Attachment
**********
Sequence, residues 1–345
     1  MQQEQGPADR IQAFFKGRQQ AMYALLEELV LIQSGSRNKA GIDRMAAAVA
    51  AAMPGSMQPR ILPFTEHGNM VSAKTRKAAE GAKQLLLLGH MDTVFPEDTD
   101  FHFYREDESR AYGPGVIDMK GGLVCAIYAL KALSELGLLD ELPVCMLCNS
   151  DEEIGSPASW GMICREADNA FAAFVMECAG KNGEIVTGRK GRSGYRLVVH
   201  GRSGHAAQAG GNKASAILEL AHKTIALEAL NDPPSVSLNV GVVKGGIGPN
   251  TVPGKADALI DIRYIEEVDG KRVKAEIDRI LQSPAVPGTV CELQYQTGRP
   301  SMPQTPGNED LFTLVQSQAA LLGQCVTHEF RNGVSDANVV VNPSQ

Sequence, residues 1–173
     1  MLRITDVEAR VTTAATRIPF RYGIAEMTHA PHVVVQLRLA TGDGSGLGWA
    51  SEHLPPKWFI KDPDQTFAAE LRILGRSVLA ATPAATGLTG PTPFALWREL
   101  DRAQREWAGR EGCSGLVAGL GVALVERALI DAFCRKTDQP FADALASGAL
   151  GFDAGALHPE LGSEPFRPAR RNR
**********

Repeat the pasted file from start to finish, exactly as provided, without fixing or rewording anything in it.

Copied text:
Sequence, residues 1–345
     1  MQQEQGPADR IQAFFKGRQQ AMYALLEELV LIQSGSRNKA GIDRMAAAVA
    51  AAMPGSMQPR ILPFTEHGNM VSAKTRKAAE GAKQLLLLGH MDTVFPEDTD
   101  FHFYREDESR AYGPGVIDMK GGLVCAIYAL KALSELGLLD ELPVCMLCNS
   151  DEEIGSPASW GMICREADNA FAAFVMECAG KNGEIVTGRK GRSGYRLVVH
   201  GRSGHAAQAG GNKASAILEL AHKTIALEAL NDPPSVSLNV GVVKGGIGPN
   251  TVPGKADALI DIRYIEEVDG KRVKAEIDRI LQSPAVPGTV CELQYQTGRP
   301  SMPQTPGNED LFTLVQSQAA LLGQCVTHEF RNGVSDANVV VNPSQ

Sequence, residues 1–173
     1  MLRITDVEAR VTTAATRIPF RYGIAEMTHA PHVVVQLRLA TGDGSGLGWA
    51  SEHLPPKWFI KDPDQTFAAE LRILGRSVLA ATPAATGLTG PTPFALWREL
   101  DRAQREWAGR EGCSGLVAGL GVALVERALI DAFCRKTDQP FADALASGAL
   151  GFDAGALHPE LGSEPFRPAR RNR